Beyond “Do No Harm” and Individual Consent: Reckoning with the Emerging Ethical Challenges of Civil Society’s Use of Data

  • Nathaniel A. RaymondEmail author
Part of the Philosophical Studies Series book series (PSSP, volume 126)


The digital revolution is transforming how governments, the private sector, and civil society view the possibilities and perils inherent in the use of new Information Communication Technologies (ICTs). For humanitarian, human rights, and development actors, well founded anxieties are arising about the uncharted and poorly defined ethical implications of these increasingly commonplace tools and tactics. Unethical and potentially illegal “disaster experimentation” will continue to occur as long as the current gap in ethical doctrine for the use of these technologies persists. This chapter explores two critical ethical “blindspots” related to the current use of ICTs by civil society actors – the increasing critical importance of demographically identifiable information and the deployment of remote data collection strategies when individual informed consent is not possible.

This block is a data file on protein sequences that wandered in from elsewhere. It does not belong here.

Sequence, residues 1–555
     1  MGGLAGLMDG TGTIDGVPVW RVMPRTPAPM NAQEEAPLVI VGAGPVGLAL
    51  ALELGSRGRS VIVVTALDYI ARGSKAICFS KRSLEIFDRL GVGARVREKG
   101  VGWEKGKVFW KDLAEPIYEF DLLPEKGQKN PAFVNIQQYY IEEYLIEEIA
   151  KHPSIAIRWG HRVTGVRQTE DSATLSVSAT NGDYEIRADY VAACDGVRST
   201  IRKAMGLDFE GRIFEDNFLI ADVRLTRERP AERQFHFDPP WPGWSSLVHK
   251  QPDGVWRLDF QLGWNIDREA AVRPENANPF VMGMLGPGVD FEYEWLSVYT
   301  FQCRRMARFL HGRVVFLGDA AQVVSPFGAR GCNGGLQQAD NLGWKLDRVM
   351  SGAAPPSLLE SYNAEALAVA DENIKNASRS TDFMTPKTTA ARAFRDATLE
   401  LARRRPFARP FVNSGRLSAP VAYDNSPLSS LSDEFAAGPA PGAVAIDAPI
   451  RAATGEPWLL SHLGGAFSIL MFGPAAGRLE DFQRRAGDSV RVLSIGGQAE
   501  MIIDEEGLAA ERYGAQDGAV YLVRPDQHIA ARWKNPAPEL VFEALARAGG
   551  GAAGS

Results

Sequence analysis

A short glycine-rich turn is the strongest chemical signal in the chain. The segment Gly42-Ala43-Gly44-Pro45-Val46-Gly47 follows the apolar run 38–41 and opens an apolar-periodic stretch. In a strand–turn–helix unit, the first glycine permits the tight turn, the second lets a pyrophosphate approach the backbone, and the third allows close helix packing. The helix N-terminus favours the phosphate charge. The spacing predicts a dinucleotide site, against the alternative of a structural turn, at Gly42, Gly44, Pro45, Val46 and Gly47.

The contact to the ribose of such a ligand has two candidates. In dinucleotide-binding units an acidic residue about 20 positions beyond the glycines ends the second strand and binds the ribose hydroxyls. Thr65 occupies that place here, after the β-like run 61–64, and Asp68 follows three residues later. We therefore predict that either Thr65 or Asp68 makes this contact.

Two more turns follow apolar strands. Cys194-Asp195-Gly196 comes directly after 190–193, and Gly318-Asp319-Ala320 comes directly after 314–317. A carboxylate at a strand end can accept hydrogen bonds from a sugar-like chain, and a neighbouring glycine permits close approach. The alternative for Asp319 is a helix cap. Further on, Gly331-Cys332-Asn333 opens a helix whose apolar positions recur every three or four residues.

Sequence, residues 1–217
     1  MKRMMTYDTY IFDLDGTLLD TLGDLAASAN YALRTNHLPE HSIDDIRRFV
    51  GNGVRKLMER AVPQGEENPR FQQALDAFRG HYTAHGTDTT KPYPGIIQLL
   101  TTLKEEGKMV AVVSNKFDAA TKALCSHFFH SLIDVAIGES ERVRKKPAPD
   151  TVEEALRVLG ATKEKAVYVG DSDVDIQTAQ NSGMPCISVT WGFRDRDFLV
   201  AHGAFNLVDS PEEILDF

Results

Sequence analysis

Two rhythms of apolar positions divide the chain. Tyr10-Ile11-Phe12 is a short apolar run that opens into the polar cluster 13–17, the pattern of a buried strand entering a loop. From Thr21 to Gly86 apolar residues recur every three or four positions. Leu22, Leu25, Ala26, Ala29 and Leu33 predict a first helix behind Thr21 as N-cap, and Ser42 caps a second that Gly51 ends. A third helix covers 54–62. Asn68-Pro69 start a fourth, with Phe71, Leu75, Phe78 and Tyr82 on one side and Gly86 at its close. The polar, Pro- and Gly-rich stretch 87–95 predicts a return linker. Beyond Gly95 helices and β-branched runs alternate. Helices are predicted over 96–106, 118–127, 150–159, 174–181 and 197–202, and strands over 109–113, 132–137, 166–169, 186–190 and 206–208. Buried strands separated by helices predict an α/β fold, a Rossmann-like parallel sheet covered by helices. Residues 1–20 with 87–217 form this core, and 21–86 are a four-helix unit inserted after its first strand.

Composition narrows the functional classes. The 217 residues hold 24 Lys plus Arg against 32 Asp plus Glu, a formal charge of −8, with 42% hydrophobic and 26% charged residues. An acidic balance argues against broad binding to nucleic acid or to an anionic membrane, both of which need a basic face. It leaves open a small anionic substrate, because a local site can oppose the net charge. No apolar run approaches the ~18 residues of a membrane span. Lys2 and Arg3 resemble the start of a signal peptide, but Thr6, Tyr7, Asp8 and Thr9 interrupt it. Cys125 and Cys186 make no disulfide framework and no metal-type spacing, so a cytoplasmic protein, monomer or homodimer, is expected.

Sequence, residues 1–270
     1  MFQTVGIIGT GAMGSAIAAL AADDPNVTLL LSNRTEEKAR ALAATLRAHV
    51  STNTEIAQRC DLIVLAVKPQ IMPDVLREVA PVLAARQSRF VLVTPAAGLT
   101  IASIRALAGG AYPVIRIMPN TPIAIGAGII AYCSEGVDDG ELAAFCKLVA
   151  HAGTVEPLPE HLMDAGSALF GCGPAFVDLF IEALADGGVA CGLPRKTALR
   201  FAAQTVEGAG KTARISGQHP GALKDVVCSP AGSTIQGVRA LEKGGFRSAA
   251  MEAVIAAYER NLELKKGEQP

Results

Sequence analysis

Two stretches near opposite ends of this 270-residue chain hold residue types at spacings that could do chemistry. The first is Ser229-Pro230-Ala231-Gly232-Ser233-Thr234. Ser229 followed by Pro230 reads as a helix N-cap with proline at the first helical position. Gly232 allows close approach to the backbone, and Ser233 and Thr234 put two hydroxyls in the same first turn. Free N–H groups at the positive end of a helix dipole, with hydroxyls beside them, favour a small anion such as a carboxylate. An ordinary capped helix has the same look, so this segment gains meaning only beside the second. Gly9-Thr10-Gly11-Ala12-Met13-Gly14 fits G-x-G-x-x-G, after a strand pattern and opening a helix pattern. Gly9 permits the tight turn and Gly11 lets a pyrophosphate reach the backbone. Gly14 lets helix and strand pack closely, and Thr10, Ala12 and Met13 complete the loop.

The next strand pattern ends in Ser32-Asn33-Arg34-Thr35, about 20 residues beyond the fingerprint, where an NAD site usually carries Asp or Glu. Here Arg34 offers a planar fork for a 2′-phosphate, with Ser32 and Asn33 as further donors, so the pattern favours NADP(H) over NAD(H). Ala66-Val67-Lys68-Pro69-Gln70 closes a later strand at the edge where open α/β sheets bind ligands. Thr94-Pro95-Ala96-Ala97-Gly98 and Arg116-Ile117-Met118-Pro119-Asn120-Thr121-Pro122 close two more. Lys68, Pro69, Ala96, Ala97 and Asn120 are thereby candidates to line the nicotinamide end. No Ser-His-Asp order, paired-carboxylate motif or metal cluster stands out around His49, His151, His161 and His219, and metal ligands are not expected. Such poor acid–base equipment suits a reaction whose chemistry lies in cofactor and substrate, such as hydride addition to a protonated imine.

Demographically identifiable information Humanitarian innovation Human rights Data ethics Conflict Satellite data Accountability Civil society organisations 


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Copyright information

© Springer International Publishing AG 2017

Authors and Affiliations

  1. 1.Signal Program on Human Security and TechnologyHarvard UniversityCambridgeUSA

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